Unsafe Harbor – the EU’s ruling on US data transfers explained

Daniel Whitehead considers the implications of the EU Court of Justice’s landmark declaration that the Safe Harbor agreement, which allows companies such as Facebook and Google to transfer personal data on EU citizens to the US, is invalid.

On 6 October 2015 the European Court of Justice dramatically ruled that the long-standing Safe Harbor arrangement for the transfers of personal data between EU countries and the US is invalid. The ruling has the potential to create significant legal uncertainty over the coming months for companies that are involved in these transfers.

What is Safe Harbor?

Under EU data protection law, data about individuals which is processed in the EU can only be transferred outside of the European Economic Area when the exporter of the data can establish that it will be adequately protected in the host country.

Due to the vast quantities of data that is transferred to US companies, it was agreed in 2000 that the EU and US would implement a standardised process to attain adequacy. This scheme was titled Safe Harbor and allowed a US company to undertake self-certification under its rules. The company that was exporting the data was then able to consider a Safe Harbor certificate as sufficient for guaranteeing adequacy without any further assessment being conducted.

Companies such as Facebook and Google amongst many others have since sought to rely heavily on Safe Harbor as a legal basis for transferring huge quantities of personal data to their US parent companies.

Why is this now an issue?

Since the revelations made by Edward Snowden in 2013 about the US government’s surveillance practices, the EU and many of its citizens have become increasingly wary about how personal data that is held in the US may be accessed and used.

These concerns recently came to a head after Austrian student, Max Schrems, filed a complaint with the Irish Data Protection Commissioner (Irish DPC) claiming that Facebook’s reliance on Safe Harbor to transfer data from Facebook Ireland to its US parent company did not amount to adequate protection of his personal data. Mr Schrems alleged that the activities of the US intelligence services demonstrate that companies based within their jurisdiction cannot adequately protect his or any other EU citizen’s data against state surveillance.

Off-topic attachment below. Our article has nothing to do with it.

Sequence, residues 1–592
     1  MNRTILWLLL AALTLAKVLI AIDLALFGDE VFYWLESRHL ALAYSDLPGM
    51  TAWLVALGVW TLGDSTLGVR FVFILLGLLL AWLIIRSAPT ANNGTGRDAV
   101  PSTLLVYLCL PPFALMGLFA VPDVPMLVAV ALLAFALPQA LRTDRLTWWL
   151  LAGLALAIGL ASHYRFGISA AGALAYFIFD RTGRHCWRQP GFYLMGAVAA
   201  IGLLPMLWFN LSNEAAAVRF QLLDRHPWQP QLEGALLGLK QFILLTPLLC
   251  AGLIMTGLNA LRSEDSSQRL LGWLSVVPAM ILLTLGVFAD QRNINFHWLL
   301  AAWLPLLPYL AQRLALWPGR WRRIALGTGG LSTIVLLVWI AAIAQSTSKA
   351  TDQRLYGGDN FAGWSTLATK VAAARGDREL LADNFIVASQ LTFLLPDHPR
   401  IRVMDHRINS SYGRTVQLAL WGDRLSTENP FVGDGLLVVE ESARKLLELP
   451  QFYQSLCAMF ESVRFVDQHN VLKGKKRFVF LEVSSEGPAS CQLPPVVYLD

Although the Irish DPC originally dismissed the complaint, Mr Schrems decided to challenge the commissioner’s decision through the Irish courts, which subsequently referred various questions to the European Court of Justice (CJEU), including whether Safe Harbor is a valid mechanism for ensuring adequacy.

The decision of 6 October effectively declared that Safe Harbor is now considered legally invalid and therefore inadequate for the protection of personal data that is transferred to the US.
In addition to the CJEU’s predictable concerns about the large-scale access to data by US intelligence agencies, the court also raised doubts as to whether US organisations adhered to the principles of Safe Harbor in practice and highlighted the difficulty in EU citizens being able to take enforcement action against those organisations found to be in breach of it.

How does the ruling affect your organisation?

The ruling means that companies that are located in the EU need to urgently review their existing arrangements with US-based suppliers (and those with US-based group companies to which they transfer data) and their own group companies. In cases where Safe Harbor is being relied upon, the parties will need to agree on alternative measures.